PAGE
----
(4) Sling hooks should always be "moused" as a safety measure to prevent slings or ropes from slipping off. Mousing, the binding of hemp or wire across the opening of a hook to prevent it clearing itself, also helps prevent straightening of the hook but does not strengthen it materially. To mouse a hook (Figure 3-4) after the sling is on the hook, wrap wire or heavy twine eight or ten turns around the two sides of the hook. Complete the process by winding several turns of the wire or twine around the sides of the mousing and tying the ends securely.

    3-3. RIGGINGS AND DECK FITTINGS. There are two types of riggings: standing and running. Information on both riggings and deck fittings is as follows:

      a. Standing Rigging. Standing rigging includes permanent and semipermanent structures and gear (Figure 3-5).

        (1) The principal function of masts is to support cargo booms. Masts also support signal lights, antennas, and crow's nests. On most modern ships, each mast is fitted with a crosstree to which the topping lift blocks are secured, and a mast house, which supports the heel of the boom.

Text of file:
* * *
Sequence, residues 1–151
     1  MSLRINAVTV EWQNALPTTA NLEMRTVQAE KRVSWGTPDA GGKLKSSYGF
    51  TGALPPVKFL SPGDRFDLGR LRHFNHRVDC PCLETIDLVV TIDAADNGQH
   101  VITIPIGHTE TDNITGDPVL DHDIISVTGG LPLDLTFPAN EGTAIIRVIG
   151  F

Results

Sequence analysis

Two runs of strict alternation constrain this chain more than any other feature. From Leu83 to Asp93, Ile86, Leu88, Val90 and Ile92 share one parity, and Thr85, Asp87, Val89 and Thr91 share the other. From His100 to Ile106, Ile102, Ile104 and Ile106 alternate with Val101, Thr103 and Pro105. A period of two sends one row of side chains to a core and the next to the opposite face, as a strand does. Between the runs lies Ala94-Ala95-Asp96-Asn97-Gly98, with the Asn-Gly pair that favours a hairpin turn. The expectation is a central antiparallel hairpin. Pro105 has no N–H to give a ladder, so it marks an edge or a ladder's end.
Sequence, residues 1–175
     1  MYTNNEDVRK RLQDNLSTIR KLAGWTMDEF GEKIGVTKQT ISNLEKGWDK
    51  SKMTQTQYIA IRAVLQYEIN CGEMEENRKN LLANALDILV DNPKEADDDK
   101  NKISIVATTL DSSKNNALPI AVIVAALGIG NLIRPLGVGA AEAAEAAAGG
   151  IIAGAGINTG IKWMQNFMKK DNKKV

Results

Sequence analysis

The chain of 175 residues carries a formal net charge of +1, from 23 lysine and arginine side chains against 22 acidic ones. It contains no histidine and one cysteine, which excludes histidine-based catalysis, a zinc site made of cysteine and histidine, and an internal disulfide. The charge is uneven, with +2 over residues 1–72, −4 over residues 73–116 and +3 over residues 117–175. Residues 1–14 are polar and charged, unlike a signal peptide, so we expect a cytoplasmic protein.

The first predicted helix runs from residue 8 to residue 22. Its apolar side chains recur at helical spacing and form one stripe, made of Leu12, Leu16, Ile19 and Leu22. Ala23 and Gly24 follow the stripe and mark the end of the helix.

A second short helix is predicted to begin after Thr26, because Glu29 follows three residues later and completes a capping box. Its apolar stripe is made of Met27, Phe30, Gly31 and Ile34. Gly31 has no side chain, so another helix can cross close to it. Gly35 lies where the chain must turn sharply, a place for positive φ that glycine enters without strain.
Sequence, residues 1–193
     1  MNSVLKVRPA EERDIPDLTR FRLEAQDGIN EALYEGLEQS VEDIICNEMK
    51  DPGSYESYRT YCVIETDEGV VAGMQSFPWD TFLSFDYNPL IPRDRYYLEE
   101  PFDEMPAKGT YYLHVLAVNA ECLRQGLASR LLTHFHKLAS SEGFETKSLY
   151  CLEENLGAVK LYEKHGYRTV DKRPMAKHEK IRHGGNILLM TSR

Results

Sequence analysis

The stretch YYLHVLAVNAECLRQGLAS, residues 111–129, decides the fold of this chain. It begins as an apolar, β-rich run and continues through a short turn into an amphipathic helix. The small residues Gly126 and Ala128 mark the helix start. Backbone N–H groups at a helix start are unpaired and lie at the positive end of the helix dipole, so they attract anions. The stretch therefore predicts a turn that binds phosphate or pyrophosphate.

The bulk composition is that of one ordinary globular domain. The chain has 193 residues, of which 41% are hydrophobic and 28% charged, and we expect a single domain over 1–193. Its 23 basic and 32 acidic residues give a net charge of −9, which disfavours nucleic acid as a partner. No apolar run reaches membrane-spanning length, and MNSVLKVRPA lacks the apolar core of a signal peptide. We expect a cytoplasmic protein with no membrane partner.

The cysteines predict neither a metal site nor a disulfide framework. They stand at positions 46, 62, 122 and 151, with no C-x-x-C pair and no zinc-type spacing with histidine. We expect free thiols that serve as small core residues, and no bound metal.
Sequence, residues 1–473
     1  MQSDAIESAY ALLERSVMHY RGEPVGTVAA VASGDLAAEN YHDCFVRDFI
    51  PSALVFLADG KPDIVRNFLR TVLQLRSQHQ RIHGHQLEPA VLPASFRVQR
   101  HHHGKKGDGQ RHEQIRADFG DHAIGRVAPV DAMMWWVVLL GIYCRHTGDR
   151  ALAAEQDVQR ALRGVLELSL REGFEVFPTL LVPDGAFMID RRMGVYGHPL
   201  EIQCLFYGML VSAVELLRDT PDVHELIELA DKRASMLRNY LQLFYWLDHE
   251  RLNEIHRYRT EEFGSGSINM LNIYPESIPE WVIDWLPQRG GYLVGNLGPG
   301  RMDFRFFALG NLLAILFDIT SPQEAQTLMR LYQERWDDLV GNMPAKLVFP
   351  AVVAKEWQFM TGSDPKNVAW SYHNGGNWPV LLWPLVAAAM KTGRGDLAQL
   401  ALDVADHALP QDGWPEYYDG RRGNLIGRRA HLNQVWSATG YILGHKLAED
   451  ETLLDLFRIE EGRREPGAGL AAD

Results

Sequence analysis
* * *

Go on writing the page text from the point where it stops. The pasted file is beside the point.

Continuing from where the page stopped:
(2) King posts are two vertical supports, usually steel, one each side of the centerline of the ship used to support booms. King posts are also called Samson posts.

        (3) Shrouds provide athwartship support for the mast or king posts. Two or more shrouds are used on either side of a mast or king post and are secured to the deck or bulwark in a fore and aft direction to provide maximum support.

    Figure 3-5. Standing rigging

        (4) Stays and backstays are heavy wire ropes similar to shrouds, found at the mast where the jumbo boom is located. When they support the mast or king posts from a forward direction, they are called stays; when they support from an aft direction, they are called backstays. Additional stays and backstays may have to be rigged when unusually heavy lifts are being loaded and discharged.

        (5) Turnbuckles are internally threaded collars turning on two screws threaded in opposite directions. Turnbuckles are used to take up slack in the shrouds and stays.

      b. Running Rigging. Running rigging (Figure 3-6) includes the moving parts of the ship's gear.

        (1) A cargo boom is a spar extending from a mast or a king post. It is used as a derrick arm to handle cargo. Booms are sometimes referred to as derricks.

        (2) The cargo hoisting wire rope or line reeved through the boom blocks and used for working cargo is the cargo runner. The runner is also called the cargo fall or whip.